Book excerpt: Todd Fisher remembers Carrie and Debbie in "My Girls"

It was a painful loss for movie fans when actress and screenwriter Carrie Fisher and her mother, Oscar-nominated actress Debbie Reynolds, passed away within hours of one another in December 2016.  But no one would have felt the pain more acutely than Todd Fisher. In his new memoir, "My Girls" (HarperCollins), Fisher writes about his sister Carrie and mother Debbie, recounting a lifetime in the orbit of two irrepressible Hollywood stars.

Read the excerpt below, and don't miss Tracy Smith's interview with Todd Fisher on CBS' "Sunday Morning" June 24!

There's a small, beautiful town in Colorado called Ouray, about fifty miles from Telluride, that's hallowed ground to our family.


When Carrie and I were very little, Mom shot a movie called How the West Was Won, in the hills around and above Ouray. A couple of years later The Unsinkable Molly Brown was shot in the same area. We were among the few lucky children of movie stars whose moms loved taking them on location, and Grandma was there to keep an eye on us when Mom was busy filming.

Mom and Grandma fell so in love with that part of Colorado that they bought some land between Ridgway and Ouray, and Grandpaw built a house there. The family spent the Fourth of July and a lot of other happy, magical holidays at that house with Grandpaw and Grandma; and when I was seventeen I bought my first piece of property right down the street from the Ouray house, property I still own and still treasure. Rene and I went there together. Christi and I spent time there, and at her request, some of her ashes were spread on that land. Cat and I have taken many trips to Ouray and will take many more.

But being there with Carrie in September of 2016, walking those streets together that we'd walked with Mom and our grandparents when we were tiny and life was perfect, was incredibly golden for both of us, a day I'll never forget.

We had one more stop to make before we headed back to Telluride. It's a place called Deb's Meadow, in Mom's honor, at a marked turnout above Ridgway, just below the summit of Chimney Rock, and its name is displayed on a wooden sign on a tree. Mom and Robert Preston shot a romantic scene there in How the West Was Won. Harve Presnell sang "I'll Never Say No" to Mom in that meadow in The Unsinkable Molly Brown. (I stood in that exact spot and sang "I'll Never Say No" to Cat on our first trip there.) John Wayne famously rode across Deb's Meadow, his horse's reins in his teeth, a Colt Peacemaker in each hand, taking on four outlaws in the classic 1969 Western True Grit. Carrie and I never went to Ouray or Telluride or anywhere else within striking distance without a special visit to Deb's Meadow.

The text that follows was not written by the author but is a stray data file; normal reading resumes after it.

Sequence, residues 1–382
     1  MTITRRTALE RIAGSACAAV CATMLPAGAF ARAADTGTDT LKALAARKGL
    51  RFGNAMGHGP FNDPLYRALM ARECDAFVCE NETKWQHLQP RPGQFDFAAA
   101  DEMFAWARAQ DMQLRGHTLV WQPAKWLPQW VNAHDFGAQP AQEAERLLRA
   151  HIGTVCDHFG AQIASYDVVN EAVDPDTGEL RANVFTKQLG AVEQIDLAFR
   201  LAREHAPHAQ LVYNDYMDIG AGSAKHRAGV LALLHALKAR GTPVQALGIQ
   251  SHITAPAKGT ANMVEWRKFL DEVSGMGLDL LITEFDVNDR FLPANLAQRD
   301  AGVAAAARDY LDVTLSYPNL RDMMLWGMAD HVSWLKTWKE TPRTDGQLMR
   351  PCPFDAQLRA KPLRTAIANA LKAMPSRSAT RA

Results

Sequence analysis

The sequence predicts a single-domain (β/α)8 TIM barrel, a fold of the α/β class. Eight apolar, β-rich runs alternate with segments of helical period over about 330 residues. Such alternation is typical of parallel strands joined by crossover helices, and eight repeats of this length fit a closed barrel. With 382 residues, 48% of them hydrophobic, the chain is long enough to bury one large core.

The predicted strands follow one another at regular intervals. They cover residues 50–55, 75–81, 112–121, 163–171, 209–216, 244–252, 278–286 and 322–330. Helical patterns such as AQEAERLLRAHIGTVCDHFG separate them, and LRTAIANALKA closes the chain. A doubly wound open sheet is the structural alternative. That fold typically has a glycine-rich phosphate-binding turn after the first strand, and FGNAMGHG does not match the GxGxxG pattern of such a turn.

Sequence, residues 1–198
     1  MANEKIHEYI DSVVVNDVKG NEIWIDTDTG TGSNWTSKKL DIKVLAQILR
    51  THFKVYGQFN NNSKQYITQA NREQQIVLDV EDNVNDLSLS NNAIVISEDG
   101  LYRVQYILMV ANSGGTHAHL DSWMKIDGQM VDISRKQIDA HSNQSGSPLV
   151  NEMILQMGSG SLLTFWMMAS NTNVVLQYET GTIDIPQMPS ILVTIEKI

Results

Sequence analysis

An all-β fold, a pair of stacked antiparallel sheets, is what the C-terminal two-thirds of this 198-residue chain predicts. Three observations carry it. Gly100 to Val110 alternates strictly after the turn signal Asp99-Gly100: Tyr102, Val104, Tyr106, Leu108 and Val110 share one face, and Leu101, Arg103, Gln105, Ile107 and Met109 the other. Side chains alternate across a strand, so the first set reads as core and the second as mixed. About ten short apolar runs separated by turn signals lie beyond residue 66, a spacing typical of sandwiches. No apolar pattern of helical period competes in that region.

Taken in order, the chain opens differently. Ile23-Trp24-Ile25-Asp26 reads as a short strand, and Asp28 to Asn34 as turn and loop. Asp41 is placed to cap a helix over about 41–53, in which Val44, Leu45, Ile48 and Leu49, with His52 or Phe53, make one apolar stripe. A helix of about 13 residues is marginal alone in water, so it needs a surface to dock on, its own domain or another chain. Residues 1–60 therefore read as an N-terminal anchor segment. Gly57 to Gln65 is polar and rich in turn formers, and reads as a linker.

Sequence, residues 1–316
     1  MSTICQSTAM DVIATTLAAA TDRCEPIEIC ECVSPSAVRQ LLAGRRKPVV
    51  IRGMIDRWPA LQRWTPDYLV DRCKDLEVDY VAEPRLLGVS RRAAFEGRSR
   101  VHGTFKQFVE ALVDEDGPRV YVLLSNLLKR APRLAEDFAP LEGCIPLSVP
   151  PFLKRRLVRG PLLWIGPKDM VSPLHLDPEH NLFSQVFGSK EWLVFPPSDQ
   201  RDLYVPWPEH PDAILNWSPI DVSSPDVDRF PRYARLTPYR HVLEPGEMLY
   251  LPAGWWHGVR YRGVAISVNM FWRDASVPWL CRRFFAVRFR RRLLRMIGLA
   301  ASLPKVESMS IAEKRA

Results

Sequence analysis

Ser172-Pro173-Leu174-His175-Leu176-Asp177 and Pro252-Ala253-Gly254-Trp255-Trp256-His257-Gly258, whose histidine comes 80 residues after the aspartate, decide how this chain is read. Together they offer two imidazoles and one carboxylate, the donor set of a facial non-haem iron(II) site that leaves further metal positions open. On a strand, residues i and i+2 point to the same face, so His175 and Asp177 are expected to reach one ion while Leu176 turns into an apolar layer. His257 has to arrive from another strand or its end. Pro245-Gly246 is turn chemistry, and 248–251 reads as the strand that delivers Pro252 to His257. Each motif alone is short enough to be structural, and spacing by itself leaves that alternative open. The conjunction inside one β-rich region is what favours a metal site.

Debbie Reynolds, with Carrie and Todd, on location in Colorado filming "How the West Was Won," in a place that would earn the title "Deb's Meadow." Todd Fisher

I'd just shifted the four-wheel-drive Range Rover into park at the Meadow's entrance when my cell phone rang. I answered it to hear, "Hi, dear. It's your mother. Debbie."

It was such uncanny timing that I almost dropped the phone. So did Mom, when I told her where we were. It wasn't a long conversation, but it was long enough for both Carrie and me to say, "Thank you for bringing us here," and tell her how much it meant to us that, even when she had the massive responsibility of starring in a major motion picture, she never left any doubt in anyone's minds, including ours, that we came first, that we were her best pals and her favorite sidekicks. Whatever she was part of, we were part of, the most important people in the vast universe of Debbie Reynolds, no matter what. Like countless other locations, Deb's Meadow wasn't where Carrie and I watched Mom make movies. It was another beautiful place where Mom and Carrie and I were together while Mom made movies, and I'll always believe that somehow, with a mom's internal GPS, she knew where we were that day and had no intention of letting us take a trip to Deb's Meadow without her.

I still think of that phone call at that exact moment, and it still gives me chills.

Excerpted from "My Girls" by Todd Fisher. Copyright © 2018 by TD Productions LLC. Reprinted by permission of William Morrow, an imprint of HarperCollins Publishers.

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